Crowley became an integral part of Wood’s life, not only professionally, but escorting her, joining her and husband Robert Wagner at parties at the homes of s Jane Fonda, Judy Garland, Rock Hudson, and Roddy McDowall. He became the person Wood could depend on above all others. “Finding someone as precious as Natalie was so rare,” he states. “She was warm, caring, wonderful.” The pressures of stardom and romance led to problems for Wood, who more than once attempted suicide with sleeping pills. The first time, Crowley discovered her unconscious and rushed her to the hospital, where he registered her under a pseudonym and managed to keep the incident out of the press. He says, “I was just as helpful to R.J. [Wagner] when he had “to overcome some rough spots.”
Though he prefers not to discuss Wood’s drowning because so much misinformation has been spread, he was devastated to lose his beloved friend. He’s godfather to Wood’s two daughters – one by second husband, producer Richard Gregson; the other, her second marriage to Wagner. Wood stipulated that in the event of her death, Crowley “would be second in line after my older sister (Lana) to raise the children.”
In a 2011 interview, Crowley revealed that although Wood was afraid of “dark water, she loved being on water – finding it a tranquil escape from the public eye. He pointed out Wood was adept at piloting the dinghy for errands to and from the vessel. He stated it is ludicrous to believe Wagner could have harmed her, “There isn’t a human being on the face of the earth he worshiped and adored more. He was besotted with her, and she with him in her own way.”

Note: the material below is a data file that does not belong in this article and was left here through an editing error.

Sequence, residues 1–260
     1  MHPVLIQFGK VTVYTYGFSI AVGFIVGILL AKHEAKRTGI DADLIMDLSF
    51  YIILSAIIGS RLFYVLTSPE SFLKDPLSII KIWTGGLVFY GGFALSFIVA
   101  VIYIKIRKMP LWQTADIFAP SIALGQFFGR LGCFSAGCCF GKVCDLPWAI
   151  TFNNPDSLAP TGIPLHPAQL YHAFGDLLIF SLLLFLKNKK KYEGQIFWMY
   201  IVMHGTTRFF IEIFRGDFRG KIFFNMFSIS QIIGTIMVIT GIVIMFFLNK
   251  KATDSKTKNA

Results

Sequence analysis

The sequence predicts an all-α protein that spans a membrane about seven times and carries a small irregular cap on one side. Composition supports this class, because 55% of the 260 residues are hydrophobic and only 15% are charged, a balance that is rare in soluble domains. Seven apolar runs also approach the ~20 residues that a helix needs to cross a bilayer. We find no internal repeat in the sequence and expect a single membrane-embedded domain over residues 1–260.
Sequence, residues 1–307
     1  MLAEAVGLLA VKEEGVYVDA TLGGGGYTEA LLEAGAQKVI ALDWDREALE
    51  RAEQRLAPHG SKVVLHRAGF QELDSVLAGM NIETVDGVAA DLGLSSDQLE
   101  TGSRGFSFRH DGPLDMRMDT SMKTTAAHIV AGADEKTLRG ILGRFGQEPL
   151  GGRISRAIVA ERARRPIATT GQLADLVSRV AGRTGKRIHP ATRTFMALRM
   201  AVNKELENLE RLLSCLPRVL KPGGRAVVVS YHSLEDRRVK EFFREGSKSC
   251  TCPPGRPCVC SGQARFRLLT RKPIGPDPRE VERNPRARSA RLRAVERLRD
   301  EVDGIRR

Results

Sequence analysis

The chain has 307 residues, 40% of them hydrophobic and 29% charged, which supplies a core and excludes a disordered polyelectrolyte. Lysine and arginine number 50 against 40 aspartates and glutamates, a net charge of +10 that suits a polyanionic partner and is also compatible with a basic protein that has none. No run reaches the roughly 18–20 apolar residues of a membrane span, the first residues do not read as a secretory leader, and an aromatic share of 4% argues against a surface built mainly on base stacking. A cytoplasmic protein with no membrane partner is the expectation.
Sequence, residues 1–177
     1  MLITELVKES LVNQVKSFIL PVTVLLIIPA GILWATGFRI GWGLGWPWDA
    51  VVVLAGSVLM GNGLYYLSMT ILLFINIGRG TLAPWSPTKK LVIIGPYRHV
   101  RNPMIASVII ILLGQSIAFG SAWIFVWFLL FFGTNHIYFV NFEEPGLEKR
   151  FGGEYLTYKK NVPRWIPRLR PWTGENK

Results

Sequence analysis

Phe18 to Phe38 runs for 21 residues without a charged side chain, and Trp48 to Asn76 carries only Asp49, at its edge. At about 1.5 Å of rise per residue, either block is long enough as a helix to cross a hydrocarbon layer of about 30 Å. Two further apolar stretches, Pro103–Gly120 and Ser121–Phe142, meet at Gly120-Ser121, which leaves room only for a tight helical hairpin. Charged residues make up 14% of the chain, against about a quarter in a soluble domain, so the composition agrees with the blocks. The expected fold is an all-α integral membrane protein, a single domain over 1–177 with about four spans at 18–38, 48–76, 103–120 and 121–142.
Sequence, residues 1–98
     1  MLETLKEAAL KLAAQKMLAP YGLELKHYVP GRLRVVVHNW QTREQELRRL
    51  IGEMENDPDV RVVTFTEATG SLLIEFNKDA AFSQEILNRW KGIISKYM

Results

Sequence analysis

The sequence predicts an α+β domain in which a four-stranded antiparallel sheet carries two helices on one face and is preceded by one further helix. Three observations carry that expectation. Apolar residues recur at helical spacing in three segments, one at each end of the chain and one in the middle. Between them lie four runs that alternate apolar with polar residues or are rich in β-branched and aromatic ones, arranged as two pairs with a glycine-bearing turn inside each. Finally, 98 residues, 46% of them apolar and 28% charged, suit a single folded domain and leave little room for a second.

Wood came through. Crowley was signed by the giant William Morris agency, an unknown on a roster of megastars and Oscar-winning writers. He was hired as a contract writer. “It was very much like those scenes in Sunset Boulevard of the writer’s offices -- writing all day, with trips to the water cooler and roaming the back lot, but to no avail.”
There was a screenplay for Wood, optioned by Twentieth-Century Fox, which never made it past studio chief Darryl Zanuck [Crowley was to make a triumphal return to Fox years later]; and 1968’s Fade-In, to star Burt Reynolds. However the studio brought in another writer [it was never released theatrically, but occasionally pops up on TV retitled Iron Cowboy]. With the first money he made from Boys, he paid to have his name removed from the negative. “No one tried harder,” he points out, “but nothing ever panned out. Plays were rejected. Film scripts that were optioned never got off the ground. TV pilots I wrote never got picked up. It was one flop after another. I went from being an optimist to a pessimist.” He was also hurting financially. He’d housesit for stars, and at one point needed to sublet his apartment.